May 10th E-votional

I recently saw a short video.  It was one of those “inspirational” videos that I usually dismiss as too hokey or too trite.  As I sometimes do, I watched it anyway.  It turned out to have some great ideas in it (there may be another e-votional in there about dismissing things too quickly!).  While it wasn’t explicitly Christian, it can definitely help us on our faith journey.

In the video, a man tells of a king who was about to die.  The king had four wives and was afraid of going into the afterlife alone.  The king loved his fourth wife the most, he always bought her jewelry and elegant clothing.  He asked her if she would die with him and accompany him to the afterlife.  She said simply, “I can’t do that” and walked away.

The king then called for his third wife, whom he also loved.  He always paraded her around and showed her off to neighbors.  He asked her to die with him and accompany him to the afterlife.  She replied, “I cannot.  I love life too much and plan to eventually remarry once you have passed.”

The king’s second wife had always been there in his time of need.  He called for her and asked her to die with him and accompany him to the afterlife.  She also said that she couldn’t.  However, once he was gone, she would arrange his funeral and carry on his memory.

Then a voice called out, “I’ll leave with you and follow you wherever you go, even to the afterlife.”  His first wife emerged from the shadows.  She was the wife, whom he neglected the most.  The king was embarrassed and confessed that he should have taken better care of her and given her more attention while he was living.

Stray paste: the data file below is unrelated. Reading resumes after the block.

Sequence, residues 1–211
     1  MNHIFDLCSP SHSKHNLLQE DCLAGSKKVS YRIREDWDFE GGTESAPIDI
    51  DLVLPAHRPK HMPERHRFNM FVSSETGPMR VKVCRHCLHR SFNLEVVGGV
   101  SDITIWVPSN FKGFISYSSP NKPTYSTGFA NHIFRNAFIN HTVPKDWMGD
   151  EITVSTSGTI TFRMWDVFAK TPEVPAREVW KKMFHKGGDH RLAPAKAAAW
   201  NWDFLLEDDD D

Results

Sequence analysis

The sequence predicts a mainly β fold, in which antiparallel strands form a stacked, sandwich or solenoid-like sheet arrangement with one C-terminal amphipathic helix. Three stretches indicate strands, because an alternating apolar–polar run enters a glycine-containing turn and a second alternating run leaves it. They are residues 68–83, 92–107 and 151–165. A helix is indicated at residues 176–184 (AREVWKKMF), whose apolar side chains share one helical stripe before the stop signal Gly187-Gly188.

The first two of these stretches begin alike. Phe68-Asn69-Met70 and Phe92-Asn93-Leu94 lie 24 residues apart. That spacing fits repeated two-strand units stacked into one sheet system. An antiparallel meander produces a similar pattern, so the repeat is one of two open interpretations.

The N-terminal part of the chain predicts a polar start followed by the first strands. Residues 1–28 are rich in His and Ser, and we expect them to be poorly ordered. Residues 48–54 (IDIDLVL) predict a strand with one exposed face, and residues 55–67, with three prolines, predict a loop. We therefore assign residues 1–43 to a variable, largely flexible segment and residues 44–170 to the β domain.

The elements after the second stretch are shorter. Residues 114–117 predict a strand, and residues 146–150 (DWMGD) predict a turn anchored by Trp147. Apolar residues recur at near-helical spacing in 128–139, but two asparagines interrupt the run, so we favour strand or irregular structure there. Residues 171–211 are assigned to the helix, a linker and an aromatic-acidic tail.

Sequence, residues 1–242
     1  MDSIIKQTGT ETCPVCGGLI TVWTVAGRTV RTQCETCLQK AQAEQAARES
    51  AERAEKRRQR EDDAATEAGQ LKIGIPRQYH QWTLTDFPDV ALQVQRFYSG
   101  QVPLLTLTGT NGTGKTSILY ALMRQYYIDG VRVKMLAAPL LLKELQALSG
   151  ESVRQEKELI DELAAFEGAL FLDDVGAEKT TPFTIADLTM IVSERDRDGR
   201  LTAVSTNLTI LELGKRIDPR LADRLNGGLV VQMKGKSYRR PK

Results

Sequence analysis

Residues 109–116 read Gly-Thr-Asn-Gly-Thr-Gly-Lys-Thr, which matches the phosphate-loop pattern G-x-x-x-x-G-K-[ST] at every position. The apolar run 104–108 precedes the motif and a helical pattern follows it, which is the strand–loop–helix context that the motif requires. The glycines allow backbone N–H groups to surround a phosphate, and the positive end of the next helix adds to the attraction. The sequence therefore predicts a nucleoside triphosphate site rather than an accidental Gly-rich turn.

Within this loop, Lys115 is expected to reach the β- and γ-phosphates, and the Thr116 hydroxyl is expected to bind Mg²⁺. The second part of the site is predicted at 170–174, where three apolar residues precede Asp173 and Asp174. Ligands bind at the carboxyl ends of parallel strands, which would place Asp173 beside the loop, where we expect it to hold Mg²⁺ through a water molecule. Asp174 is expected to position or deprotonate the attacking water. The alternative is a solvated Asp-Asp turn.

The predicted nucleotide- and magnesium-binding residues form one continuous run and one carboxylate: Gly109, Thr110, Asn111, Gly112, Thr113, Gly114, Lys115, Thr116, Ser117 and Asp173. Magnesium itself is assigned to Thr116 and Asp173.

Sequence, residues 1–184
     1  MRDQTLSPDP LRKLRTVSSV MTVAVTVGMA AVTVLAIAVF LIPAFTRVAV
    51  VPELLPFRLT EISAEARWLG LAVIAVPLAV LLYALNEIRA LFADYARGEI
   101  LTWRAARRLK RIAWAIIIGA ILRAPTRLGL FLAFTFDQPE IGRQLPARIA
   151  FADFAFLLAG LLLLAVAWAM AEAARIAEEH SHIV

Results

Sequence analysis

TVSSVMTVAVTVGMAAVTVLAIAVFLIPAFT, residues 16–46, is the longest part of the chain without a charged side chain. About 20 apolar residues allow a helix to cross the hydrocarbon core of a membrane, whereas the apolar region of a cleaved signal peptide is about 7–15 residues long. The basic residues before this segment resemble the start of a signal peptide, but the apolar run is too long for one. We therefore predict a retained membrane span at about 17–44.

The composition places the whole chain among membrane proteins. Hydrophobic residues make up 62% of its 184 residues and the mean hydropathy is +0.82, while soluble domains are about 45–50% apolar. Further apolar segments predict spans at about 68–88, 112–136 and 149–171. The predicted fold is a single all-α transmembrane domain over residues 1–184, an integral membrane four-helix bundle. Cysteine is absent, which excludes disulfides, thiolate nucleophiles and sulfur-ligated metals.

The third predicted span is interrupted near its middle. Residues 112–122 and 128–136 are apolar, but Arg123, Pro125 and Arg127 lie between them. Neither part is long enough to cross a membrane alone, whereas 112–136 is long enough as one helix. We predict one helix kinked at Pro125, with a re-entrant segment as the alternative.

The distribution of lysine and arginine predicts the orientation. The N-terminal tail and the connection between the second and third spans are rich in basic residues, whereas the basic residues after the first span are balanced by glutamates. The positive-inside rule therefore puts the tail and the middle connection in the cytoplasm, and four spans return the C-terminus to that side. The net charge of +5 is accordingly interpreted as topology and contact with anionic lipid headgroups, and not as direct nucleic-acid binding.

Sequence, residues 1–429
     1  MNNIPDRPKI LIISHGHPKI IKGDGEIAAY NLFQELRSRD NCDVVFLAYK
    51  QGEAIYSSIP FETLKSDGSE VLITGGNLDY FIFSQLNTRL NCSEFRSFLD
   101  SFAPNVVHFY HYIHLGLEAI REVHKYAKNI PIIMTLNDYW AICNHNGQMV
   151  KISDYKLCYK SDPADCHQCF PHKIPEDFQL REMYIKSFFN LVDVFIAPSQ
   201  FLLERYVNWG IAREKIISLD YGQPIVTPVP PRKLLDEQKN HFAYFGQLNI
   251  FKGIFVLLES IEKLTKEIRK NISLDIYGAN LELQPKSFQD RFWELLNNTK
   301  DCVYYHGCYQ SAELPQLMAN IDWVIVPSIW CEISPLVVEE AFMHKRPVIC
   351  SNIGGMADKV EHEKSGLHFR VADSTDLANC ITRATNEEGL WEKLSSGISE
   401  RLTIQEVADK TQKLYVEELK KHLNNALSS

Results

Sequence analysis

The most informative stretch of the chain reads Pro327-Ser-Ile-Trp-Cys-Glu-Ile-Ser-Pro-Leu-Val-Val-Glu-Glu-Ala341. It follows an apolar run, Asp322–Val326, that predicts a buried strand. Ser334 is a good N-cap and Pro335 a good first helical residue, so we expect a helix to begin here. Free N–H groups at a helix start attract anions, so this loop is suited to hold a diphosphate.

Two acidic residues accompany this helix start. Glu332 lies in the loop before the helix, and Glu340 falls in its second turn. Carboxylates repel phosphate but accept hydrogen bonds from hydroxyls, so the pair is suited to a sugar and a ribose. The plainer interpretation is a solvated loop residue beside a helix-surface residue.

The man then goes on to explain the meaning behind the wives.  The first wife represents our body.  We dress it in nice clothes and decorate them with jewelry, but they are finite and we cannot take them with us.  The second wife is our possessions.  No matter how proud we are of them, how many of them we may have, once we pass the go to somebody else.  The second wife represents our friends and family.   As much as they love and cherish us, all they can do as we face the great hereafter is comfort us, remember us, and plan our funeral while we are gone.

The first wife, the one the man neglected represents our spiritual life.  For us, it represents our walk with Christ.  While Christ is always present with us, too often we neglect him or fail to pay our attention to our walk with him.  We prioritize ourselves, our careers, our possessions, and many other things over him.  Yet it is Christ who always walks beside us.  It is our walk with Christ that will carry us from this life to the next.  But we too often fail to nurture and appreciate our walk with Christ.

Colossians 2:6-7 “As you therefore have received Christ Jesus the Lord, continue to live your lives in him, rooted and built up in him and established in the faith, just as you were taught, abounding in thanksgiving.”

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